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Thursday, 29 August, 2002, 14:55 GMT 15:55 UK
Rowland: Why I testified against Milosevic
Jacky Rowland at the International Tribunal for the Former Yugoslavia
Jacky Rowland testified in court for one hour

There was never really any doubt in my mind as to whether I should testify in the war crimes trial of Slobodan Milosevic.

I was being called as a witness to events in Kosovo during Nato air strikes in 1999.


I believe that journalists are essentially witnesses to the events they report on.

Everything I knew was already in the public domain - I had broadcast extensively on BBC radio and television programmes at the time - and there were no confidential sources I needed to protect.

The prosecutor's office at the International Criminal Tribunal in The Hague asked me about two visits I made to Dubrava prison at Istok in Kosovo in May 1999. Dozens of Kosovo Albanian prisoners died there.

The Serbian authorities said they had been killed by Nato bombs. But I was not convinced that all the victims had met their death in that way.

Tangible threat

The decision to testify is, I believe, a matter of personal conviction. Some journalists - particularly American correspondents - are opposed to the idea, using arguments of impartiality and a perceived threat to war reporters in the future.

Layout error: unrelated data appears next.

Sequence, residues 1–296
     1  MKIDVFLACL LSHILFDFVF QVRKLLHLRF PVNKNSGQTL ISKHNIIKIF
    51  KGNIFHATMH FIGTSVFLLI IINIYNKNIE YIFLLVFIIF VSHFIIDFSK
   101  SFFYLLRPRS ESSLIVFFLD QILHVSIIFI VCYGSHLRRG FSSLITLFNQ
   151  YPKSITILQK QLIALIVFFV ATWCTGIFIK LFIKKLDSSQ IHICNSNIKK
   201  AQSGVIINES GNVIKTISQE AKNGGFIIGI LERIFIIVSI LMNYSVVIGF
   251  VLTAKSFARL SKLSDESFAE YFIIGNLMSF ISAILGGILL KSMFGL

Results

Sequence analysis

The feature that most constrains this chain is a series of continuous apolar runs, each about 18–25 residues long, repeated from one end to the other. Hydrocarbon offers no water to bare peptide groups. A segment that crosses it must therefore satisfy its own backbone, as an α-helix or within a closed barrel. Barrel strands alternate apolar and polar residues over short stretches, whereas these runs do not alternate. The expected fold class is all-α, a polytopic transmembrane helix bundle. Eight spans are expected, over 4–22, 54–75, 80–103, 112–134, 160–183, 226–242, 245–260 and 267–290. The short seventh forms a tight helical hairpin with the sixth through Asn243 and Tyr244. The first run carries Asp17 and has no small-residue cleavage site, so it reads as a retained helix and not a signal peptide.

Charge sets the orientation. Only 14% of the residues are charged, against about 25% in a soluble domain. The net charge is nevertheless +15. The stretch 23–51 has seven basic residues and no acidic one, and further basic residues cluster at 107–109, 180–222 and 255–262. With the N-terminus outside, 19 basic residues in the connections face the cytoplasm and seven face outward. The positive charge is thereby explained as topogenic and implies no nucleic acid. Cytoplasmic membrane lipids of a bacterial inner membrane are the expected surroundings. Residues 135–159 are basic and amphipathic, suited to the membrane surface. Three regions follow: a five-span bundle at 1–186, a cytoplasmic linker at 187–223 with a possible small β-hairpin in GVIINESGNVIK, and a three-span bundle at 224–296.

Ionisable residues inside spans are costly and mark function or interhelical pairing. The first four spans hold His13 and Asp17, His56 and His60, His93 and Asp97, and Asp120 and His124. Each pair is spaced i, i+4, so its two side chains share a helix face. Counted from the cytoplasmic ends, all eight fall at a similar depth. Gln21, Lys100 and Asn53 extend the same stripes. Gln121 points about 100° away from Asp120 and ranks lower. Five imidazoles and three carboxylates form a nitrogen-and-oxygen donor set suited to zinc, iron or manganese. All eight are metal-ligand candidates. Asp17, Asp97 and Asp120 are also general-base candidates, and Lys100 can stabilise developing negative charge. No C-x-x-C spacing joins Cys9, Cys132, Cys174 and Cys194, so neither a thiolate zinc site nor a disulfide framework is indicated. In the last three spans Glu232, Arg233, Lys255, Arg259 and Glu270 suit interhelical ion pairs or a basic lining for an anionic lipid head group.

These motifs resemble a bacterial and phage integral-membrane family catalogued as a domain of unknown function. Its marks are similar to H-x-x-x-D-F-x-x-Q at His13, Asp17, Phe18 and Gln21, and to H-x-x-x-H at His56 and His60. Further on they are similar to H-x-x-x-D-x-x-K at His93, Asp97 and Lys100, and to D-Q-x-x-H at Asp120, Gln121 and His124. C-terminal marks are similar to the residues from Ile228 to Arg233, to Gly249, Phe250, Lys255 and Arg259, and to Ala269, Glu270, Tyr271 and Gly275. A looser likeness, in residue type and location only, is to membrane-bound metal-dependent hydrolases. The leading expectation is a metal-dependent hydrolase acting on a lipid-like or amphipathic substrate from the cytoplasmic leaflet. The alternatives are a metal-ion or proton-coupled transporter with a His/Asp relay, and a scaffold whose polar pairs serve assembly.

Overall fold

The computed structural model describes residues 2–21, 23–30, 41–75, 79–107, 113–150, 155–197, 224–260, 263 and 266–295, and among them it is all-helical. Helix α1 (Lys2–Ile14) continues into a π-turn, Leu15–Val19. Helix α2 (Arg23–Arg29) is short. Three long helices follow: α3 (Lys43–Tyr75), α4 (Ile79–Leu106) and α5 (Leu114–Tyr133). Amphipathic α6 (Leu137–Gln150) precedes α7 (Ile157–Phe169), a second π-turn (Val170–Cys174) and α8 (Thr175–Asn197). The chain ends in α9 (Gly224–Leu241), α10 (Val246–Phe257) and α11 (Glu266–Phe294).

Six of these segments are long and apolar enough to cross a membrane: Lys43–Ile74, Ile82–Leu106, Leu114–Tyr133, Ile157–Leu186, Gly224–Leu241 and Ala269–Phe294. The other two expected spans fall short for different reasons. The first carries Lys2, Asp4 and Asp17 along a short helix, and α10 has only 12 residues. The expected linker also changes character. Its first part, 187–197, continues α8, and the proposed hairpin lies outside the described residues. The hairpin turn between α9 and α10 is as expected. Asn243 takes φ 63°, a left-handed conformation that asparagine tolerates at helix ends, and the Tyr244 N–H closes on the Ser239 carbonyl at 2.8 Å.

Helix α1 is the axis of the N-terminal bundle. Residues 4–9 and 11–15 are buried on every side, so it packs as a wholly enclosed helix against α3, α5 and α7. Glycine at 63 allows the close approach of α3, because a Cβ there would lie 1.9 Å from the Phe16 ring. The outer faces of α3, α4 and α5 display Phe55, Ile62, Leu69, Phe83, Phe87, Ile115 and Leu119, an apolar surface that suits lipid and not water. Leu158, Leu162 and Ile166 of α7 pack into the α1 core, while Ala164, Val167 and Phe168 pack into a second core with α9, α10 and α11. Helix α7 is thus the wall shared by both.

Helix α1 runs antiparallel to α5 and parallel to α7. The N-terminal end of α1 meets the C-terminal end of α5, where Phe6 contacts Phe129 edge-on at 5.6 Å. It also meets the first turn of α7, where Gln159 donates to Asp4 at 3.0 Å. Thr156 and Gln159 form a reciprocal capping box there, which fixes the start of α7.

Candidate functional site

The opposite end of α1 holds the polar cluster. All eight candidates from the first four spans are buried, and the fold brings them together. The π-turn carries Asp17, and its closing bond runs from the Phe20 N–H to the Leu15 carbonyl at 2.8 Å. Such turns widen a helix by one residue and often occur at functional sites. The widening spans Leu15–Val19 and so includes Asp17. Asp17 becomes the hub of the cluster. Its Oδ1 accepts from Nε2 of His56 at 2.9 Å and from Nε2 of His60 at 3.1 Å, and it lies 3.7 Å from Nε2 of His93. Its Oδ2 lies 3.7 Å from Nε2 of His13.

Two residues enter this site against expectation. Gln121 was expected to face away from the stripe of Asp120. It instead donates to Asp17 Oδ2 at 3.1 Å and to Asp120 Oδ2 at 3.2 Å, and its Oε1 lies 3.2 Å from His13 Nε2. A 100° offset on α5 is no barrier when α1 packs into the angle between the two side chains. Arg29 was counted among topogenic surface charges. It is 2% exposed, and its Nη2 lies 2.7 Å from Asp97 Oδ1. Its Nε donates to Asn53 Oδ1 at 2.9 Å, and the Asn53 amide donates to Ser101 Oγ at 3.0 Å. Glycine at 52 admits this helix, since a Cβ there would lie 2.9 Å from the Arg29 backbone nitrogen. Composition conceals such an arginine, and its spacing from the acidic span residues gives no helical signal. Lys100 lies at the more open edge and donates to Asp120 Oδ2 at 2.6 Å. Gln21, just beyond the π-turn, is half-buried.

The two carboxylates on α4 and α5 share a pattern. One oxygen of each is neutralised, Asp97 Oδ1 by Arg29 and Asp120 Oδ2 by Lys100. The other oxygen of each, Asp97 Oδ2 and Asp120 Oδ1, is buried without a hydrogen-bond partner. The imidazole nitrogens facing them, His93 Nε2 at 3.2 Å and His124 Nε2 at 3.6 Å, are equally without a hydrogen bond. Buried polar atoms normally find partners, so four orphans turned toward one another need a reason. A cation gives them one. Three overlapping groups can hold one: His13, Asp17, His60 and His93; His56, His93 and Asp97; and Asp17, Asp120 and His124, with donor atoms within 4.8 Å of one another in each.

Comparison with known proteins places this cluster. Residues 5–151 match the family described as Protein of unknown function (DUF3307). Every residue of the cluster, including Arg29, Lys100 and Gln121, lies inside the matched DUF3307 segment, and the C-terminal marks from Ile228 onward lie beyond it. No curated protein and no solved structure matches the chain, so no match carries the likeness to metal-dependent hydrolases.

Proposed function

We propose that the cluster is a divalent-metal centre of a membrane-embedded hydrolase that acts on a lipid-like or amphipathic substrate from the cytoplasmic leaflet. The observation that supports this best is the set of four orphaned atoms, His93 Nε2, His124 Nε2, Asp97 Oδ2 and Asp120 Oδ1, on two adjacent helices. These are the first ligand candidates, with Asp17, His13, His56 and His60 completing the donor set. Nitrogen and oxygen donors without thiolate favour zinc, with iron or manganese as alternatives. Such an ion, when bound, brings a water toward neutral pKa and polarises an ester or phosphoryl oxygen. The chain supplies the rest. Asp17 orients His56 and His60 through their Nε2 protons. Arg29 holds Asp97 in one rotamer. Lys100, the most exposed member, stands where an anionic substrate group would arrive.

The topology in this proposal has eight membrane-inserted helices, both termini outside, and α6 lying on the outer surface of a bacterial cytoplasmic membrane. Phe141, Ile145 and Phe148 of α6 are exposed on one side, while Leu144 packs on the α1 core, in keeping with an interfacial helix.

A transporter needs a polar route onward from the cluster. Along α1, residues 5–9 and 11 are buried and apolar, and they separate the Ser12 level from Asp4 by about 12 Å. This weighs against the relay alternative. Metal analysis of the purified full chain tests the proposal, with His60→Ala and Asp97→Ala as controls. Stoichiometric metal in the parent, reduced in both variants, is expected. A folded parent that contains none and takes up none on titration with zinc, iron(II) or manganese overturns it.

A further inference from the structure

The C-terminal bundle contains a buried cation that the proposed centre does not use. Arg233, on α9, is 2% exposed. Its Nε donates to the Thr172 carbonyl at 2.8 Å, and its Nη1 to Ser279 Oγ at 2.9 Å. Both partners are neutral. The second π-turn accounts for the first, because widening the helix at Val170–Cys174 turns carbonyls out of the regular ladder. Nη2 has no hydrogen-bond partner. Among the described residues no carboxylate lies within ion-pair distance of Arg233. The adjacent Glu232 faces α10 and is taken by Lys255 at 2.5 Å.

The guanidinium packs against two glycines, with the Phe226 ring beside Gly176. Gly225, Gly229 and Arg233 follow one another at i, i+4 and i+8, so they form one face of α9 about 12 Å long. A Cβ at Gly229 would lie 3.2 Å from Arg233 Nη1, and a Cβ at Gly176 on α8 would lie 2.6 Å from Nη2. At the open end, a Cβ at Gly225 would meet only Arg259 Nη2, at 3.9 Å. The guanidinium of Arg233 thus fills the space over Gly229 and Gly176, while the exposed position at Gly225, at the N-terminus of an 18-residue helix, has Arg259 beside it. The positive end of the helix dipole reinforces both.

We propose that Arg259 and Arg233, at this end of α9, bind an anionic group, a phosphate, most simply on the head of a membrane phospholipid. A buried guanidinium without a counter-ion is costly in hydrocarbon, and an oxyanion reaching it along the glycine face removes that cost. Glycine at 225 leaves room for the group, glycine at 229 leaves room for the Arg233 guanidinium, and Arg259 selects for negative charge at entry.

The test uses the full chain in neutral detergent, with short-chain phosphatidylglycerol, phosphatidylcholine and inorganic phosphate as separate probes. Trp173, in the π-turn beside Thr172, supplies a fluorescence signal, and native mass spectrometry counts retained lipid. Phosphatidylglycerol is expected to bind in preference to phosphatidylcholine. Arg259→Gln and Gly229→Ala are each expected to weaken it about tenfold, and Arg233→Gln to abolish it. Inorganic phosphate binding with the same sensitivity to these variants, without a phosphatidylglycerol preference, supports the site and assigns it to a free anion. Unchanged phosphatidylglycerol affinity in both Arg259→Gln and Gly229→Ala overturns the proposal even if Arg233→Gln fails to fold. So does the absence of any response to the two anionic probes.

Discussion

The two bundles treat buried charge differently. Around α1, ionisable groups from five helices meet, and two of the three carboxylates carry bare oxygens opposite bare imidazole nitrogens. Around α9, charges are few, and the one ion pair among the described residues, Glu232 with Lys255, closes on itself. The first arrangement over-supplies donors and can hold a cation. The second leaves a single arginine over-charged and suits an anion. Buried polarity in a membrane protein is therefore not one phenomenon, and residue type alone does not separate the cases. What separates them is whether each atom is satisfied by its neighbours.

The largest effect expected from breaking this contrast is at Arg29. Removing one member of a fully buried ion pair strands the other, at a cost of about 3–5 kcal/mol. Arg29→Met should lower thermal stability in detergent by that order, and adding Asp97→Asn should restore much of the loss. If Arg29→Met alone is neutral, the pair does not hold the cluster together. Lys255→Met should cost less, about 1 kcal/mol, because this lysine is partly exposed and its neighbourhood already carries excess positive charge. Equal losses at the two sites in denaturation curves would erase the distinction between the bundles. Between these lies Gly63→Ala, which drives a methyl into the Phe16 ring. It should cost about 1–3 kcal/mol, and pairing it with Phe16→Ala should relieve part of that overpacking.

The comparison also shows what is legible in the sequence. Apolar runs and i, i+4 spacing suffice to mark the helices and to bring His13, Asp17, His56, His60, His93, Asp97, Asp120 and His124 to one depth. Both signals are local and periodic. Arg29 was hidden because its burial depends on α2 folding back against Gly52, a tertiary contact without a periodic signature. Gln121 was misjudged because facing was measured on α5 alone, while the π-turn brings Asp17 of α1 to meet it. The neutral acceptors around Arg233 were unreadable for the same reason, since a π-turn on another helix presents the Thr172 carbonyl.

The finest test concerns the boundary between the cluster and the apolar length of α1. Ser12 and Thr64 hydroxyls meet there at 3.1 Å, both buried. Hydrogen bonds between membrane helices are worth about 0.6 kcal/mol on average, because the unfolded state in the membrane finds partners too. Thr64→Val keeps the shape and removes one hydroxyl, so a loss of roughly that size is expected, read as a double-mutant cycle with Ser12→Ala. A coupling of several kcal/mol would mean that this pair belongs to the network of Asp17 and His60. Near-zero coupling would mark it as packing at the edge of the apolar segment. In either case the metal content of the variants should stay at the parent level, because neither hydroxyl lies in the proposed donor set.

Slobodan Milosevic in court
Milosevic has chosen to defend himself
I believe that journalists are essentially witnesses to the events they report on. My testimony to the Hague tribunal was an extension of this.

I believe that our ability to record pictures and transmit them almost instantaneously presents a more immediate and tangible threat to war criminals than the possibility that somewhere down the line we could testify against them.

It is our work as journalists that puts us in the most danger.

A couple of American colleagues tried gently to talk me out of testifying. The night before the trial I received a short email from one of them: "Are you sure you want to do this?"

When I met the witness who was due to take the stand after me - a woman who had lost eight members of her family in an alleged massacre by Serbian police - I felt that a journalist's arguments for not testifying looked rather weak.

Challenge

My encounter in the court room with Slobodan Milosevic was the first time I had met the former Yugoslav president.

He has chosen to defend himself in court but he clearly has a team of researchers working on his behalf behind the scenes.

I had thought through almost all his potential lines of questioning and, although he was a formidable adversary, there were few surprises in the courtroom.

I had to defend myself and the BBC against allegations of lack of objectivity. And I had to explain how I reached the conclusion that not all of the prisoners at Dubrava had been killed by Nato bombs.

The prospect of being cross-examined by Mr Milosevic was more nerve-wracking than the actual event.

My hour with him in court was a challenging intellectual exercise - and ultimately worthwhile.


At The Hague

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26 Aug 02 | Europe
05 Oct 00 | From Our Own Correspondent
26 Jul 02 | Europe
26 Jul 02 | Europe
28 Jun 02 | Europe
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